The Mirabus (www.mirabusperu.com), a bright red double-decker, runs daily tours from here into the centre of Lima, and for those with limited time it's the best way to take in the city's grand old palaces, cathedrals and plazas. A four-hour night tour, which includes a visit to a fountain park, costs 55 soles (about Dh71) per person.
Meet the locals
If you're a chess player, a small pedestrian strip off Parque Kennedy in Miraflores is a great place to find a game and enjoy a sandwich or chicha morada (purple corn juice) from La Lucha. Juanito's bar in Barranco and Quierolo's in Pueblo Libre (Av San Martin 1090, two blocks from the National Archaeology, Anthropology and History Museum) are atmospheric traditional places where locals are always happy to chat. If you're a surfer, or even if you're not, the regulars on the beaches along Lima's costa verde are very friendly. Olas Peru (www.olasperu.com) rents boards and wetsuits and has friendly professional teachers.
Book a table
Limeños are so exacting in their seafood standards that eating ceviche after lunchtime is just not done. Many of the city's restaurants do not open for dinner - a peculiarity that has been the downfall of many a gourmet traveller. Planning is essential to make the most of a few short days.
Among the top picks are: Mercado and Rafael (www.rafaelosterling.com; 00 511 242 4149), the brasserie and more formal offerings from the excellent Rafael Osterling; La Mar (Av La Mar 770; 00 511 421 3365), the original Gastón Acurio cevicheria which has now spun off to the US, Spain and Mexico; Malabar (Av Camino Real 101, San Isidro, 00 511 440-5200) for innovative Amazonian cuisine from Pedro Miguel Schiaffino (it's open at night), and ceviche and polished imaginative seafood dishes inside a renovated old mansion at Amoramar in Barranco (www.amoramar.com; 00511 651 1111). Any Limeño worth his salt should be able to add to that list a myriad of hole-in-the-wall restaurants around the city where you can eat well for less than 14 soles (Dh18) - winkling their culinary recommendations from them could enhance your stay.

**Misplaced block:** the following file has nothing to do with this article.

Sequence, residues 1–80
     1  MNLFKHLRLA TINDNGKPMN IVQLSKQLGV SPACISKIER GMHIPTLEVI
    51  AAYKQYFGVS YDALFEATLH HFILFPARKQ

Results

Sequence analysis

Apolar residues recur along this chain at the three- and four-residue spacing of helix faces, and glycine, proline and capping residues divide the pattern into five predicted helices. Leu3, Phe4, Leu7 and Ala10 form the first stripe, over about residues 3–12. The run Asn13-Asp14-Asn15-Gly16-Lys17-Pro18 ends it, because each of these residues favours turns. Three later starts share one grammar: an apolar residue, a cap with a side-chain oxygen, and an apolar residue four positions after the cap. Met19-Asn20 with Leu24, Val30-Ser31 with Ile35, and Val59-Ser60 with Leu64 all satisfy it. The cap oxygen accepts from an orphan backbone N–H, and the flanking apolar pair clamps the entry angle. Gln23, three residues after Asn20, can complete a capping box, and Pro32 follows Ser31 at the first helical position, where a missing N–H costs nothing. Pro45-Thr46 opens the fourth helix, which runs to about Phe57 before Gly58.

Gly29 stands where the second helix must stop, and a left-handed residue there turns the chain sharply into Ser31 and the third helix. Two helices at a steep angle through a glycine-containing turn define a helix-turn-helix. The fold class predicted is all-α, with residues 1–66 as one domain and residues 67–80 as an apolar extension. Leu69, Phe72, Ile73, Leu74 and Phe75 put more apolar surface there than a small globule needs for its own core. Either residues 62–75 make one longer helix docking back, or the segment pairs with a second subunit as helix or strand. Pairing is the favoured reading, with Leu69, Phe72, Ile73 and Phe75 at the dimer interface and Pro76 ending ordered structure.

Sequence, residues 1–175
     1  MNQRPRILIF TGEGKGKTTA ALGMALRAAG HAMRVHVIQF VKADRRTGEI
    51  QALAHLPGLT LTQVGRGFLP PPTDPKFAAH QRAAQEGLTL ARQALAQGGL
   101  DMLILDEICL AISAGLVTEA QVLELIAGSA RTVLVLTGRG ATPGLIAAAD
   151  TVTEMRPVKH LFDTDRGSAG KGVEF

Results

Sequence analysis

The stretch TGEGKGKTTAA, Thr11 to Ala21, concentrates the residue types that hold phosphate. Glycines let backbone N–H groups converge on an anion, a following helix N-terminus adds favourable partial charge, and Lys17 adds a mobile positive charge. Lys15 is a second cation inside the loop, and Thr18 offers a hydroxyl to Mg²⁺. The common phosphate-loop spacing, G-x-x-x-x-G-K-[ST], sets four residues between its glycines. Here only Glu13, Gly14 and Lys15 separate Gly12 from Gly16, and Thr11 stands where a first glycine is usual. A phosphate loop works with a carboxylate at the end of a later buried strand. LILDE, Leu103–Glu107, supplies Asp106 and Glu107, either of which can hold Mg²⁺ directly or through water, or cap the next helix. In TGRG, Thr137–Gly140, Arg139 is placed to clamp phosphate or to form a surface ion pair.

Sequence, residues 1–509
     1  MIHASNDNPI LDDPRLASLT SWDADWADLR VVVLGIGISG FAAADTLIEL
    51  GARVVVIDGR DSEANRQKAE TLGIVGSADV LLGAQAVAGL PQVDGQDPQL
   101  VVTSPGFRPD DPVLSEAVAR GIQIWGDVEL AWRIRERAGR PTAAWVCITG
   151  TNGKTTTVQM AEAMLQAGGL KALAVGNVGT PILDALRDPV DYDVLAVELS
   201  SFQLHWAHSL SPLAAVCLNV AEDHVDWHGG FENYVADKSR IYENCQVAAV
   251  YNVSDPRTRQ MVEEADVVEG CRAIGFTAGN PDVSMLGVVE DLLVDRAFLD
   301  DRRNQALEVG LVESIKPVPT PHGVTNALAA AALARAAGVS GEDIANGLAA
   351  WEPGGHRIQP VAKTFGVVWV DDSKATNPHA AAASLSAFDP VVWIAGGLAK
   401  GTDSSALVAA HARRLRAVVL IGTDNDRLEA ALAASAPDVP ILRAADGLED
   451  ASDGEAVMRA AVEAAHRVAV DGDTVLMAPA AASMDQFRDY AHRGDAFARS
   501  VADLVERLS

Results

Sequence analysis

The "Inca markets" in Miraflores near the top of Parque Kennedy sell an amazing array of tat, but also many lovely textiles and handicrafts from all over the country, including colourful floral woven rugs and pillowcases from Ayacucho and ceramics from the jungle. Peruvians are much gentler touts than you will find in Asia, so you won't feel too harassed to buy.
Peru is home to the alpaca and the even finer fleeced vicuña, and designers such as Giuliana Testino (www.giulianatestino.com) and Kuna (www.alpaca111.com) offer beautiful modern ponchos, scarves, dresses, gloves and coats for much lower prices than you would ever find in the northern hemisphere.
What to avoid
Lima traffic is hideous so avoid travelling during peak hours. "Combi" vans (minibuses) will get you about the city for one sol (about Dh1.3) per ride, but if you don't speak Spanish it's practically impossible to figure out where they are going.
Lima's biggest pyramid, the Huaca Pucllana, in Miraflores, may be a lot smaller than what Egypt has to offer, but the anti-seismic construction is fascinating, and there's a very good restaurant overlooking the site.
The privately run Larco Museo (Av Bolívar 1515; Pueblo Libre; 00 511 461 1312) is a joy. Not too big, not too small, this old mansion with its bougainvillea-strung garden houses a fantastic collection of gold and silver pre-Columbian jewellery and Moche, Nazca, Chimu and Inca ceramics, with two rooms of erotic pottery at the finish to provide some conversation pointers over coffee in a sweet little cafe.